ST. LOUIS - It’s hard to believe - from my perspective, at least - but tomorrow will mark the start of the last regular season turn through the Nationals’ rotation.
Jordan Zimmermann will take the ball for the Nats tomorrow and then not pitch again until the postseason. As I mentioned earlier, the rotation alignment for the final four games of the regular season will depend on when the Nationals are able to clinch the division title.
Manager Davey Johnson will have options when it comes to how he sets up his rotation for the playoffs and how he’ll keep his starters fresh going into their first postseason starts. If the Nats get the top seed in the National League, they’ll have a full three days off in between their final regular season game and Game 1 of the Division Series, which would fall on Oct. 7.
Johnson still hasn’t set a definitive postseason rotation, likely because he doesn’t know how things will play out over the next six days and also because he really is staying focused on locking up the division. Only then will he publicly start to set things for the Divisional Round.
But Johnson did say that Zimmermann will not throw a simulated game in between tomorrow’s start and his first postseason outing. That’s notable because Zimmermann is far better when pitching on a standard four days’ rest (8-3, 2.01 ERA in 17 starts) than he is on five or more days’ rest (4-5, 4.06 ERA in 14 starts).
Johnson knows that the extended rest just comes with the territory, however.
“This time of year, it doesn’t really matter,” Johnson said. “Guys are going to be starting on six days’ or seven, it doesn’t matter.”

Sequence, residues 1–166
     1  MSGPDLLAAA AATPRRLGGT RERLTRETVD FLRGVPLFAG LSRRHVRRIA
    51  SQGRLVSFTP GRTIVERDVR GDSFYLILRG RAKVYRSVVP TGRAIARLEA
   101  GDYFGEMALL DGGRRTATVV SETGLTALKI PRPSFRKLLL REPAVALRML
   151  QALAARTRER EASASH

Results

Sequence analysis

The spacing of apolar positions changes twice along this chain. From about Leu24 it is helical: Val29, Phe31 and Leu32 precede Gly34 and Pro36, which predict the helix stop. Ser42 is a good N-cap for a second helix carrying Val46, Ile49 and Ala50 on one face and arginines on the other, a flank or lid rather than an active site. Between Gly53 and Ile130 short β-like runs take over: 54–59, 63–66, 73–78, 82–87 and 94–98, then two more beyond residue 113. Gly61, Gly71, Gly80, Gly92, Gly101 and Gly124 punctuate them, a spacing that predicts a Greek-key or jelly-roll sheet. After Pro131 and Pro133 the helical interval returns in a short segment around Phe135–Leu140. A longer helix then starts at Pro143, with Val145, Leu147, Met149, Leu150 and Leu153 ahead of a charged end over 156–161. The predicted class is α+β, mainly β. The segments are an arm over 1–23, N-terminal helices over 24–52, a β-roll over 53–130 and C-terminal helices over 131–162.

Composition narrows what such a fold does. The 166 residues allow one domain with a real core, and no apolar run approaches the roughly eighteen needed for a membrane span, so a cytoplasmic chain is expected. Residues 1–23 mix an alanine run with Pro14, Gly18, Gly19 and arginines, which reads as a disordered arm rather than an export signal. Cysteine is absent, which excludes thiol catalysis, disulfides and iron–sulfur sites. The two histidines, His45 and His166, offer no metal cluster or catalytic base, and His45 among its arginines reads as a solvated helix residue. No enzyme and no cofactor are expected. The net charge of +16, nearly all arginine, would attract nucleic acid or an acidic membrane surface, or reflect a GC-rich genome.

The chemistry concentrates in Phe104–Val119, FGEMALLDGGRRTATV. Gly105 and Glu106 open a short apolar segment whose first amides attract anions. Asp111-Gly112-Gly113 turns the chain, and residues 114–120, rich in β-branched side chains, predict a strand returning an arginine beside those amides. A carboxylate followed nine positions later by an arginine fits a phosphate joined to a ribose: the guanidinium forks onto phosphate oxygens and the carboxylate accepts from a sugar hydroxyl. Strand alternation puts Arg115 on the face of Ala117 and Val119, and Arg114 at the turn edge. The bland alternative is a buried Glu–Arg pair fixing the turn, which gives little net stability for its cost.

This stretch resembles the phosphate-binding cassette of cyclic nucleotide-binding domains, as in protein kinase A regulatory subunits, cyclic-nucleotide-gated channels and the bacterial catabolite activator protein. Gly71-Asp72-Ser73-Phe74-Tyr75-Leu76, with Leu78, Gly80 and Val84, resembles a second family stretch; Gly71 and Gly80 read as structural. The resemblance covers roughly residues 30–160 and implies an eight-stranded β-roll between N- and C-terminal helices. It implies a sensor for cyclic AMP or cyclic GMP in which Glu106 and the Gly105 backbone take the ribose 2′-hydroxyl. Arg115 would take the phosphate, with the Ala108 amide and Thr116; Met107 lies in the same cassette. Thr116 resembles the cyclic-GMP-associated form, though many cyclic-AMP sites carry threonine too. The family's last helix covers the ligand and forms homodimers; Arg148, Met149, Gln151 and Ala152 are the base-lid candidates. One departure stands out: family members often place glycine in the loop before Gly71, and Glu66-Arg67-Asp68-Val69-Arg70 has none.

For what it’s worth, Gio Gonzalez is 11-3 with a 3.15 ERA on regular rest and 10-5 with a 2.91 ERA on extra rest. He doesn’t seem to care when he gets the ball.
Meanwhile, the Braves just keep on winning, going 10-2 in their last 12, drawing out this process and putting the pressure on the Nats to win and lock up the division themselves.
Johnson sees both the positive and the negative in having these games down the stretch still being so important for his team.
“It’d help us a lot more if (the Braves) played worse,” Johnson said with a laugh. “But I like these games all meaning something. I think it’s a good education. It makes it more fun to know the Cardinals got a lot riding on it, and we’ve got a lot riding on it.
“This is what it’s all about. My feeling is that it’s a whole new different feeling when you’re playing for a pennant or in the postseason. Every pitch means something. Experience does help, but going through it helps too. It helps a great deal. Just keep doing the same things you did to get here. You’ll be fine.”